By some estimates, World War II veterans are dying at a rate of 1,000 a day right now. If the rest of us are wise, we will treasure and learn from the accounts of bravery and courage they leave behind — acts that must become part of the national fabric.
Many of those stories are being compiled by the National World War II Museum, the Library of Congress and the U.S. Latino and Latina WWII Oral History Project. Others have been chronicled by the media or exist only in family history records.
Among them all, the story of Karl-Heinz Schnibbe deserves a special place — as much for what he did as a young teenager in Nazi Germany as for how he spent much of the rest of his life teaching young people to prize their freedom.
Schnibbe died this week in Salt Lake City, his adopted home. But when World War II was in full flame, he and two of his friends from the local Mormon church decided to let fellow Germans know what they were hearing from the BBC on radios they possessed in violation of German law. They printed leaflets that they put in phone booths, coat pockets and many other places throughout Hamburg. Eventually, they were found and arrested. Schnibbe was 18 at the time. One of the boys was executed. The other was sentenced to 10 years in a labor camp. Schnibbe was sentenced to 5 years.
He suffered greatly in prison, only to find himself sent to Czechoslovakia to fight in the desperate last days of the war. Then he was taken prisoner by Russian soldiers. In all, he spent seven years in labor camps under starvation conditions.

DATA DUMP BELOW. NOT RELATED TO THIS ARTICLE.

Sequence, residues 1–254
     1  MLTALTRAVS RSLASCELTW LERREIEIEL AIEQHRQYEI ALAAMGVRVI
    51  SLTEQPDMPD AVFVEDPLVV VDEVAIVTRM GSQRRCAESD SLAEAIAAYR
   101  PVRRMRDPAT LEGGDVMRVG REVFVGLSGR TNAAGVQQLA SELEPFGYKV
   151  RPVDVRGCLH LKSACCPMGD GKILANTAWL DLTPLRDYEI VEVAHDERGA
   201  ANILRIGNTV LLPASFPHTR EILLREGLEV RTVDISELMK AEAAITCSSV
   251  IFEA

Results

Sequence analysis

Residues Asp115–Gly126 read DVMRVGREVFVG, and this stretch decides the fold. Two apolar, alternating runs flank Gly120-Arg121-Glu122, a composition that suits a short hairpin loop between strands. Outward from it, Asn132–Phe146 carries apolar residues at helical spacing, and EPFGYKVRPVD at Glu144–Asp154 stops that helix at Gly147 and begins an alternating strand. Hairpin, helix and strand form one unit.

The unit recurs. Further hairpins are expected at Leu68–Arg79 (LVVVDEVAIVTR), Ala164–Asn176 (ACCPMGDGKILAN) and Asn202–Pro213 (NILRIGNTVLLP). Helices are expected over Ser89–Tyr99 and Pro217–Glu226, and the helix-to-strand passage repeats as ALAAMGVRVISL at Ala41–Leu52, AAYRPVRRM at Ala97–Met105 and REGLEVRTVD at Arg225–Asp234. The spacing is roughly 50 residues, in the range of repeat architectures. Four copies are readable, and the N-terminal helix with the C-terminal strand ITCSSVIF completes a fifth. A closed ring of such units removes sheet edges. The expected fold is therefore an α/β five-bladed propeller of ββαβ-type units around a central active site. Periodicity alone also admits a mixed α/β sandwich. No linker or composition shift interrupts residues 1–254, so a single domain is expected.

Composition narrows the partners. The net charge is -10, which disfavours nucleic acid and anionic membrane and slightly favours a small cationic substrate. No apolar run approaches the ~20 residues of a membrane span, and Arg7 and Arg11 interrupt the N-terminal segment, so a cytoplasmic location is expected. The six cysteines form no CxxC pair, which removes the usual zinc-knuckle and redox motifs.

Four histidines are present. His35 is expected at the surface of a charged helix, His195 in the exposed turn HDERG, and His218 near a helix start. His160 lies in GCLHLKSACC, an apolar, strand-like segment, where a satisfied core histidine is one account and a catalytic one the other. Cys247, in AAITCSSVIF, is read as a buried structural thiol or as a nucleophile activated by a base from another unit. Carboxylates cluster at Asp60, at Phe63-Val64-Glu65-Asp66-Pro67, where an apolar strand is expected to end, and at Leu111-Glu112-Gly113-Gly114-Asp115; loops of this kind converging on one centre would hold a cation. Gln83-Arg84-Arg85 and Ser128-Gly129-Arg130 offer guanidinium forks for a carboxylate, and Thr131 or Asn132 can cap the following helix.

Those are the hard facts of his early years, a formative time during which he was robbed of the things young adults today take for granted. Just as miraculous as his ability to survive those years, however, was the way in which he learned to forgive those who had harmed him. He was able to leave bitterness behind as he spent much of his adult life teaching others what he had learned about life, liberty and faith.
Schnibbe couldn't help the age in which he was born, or the circumstances that surrounded him in his teen years. So many other men and women could say the same. They were thrust into the spotlight of history and forced to decide quickly what their legacies would be. The freedoms we enjoy today are a testament to the decisions they made.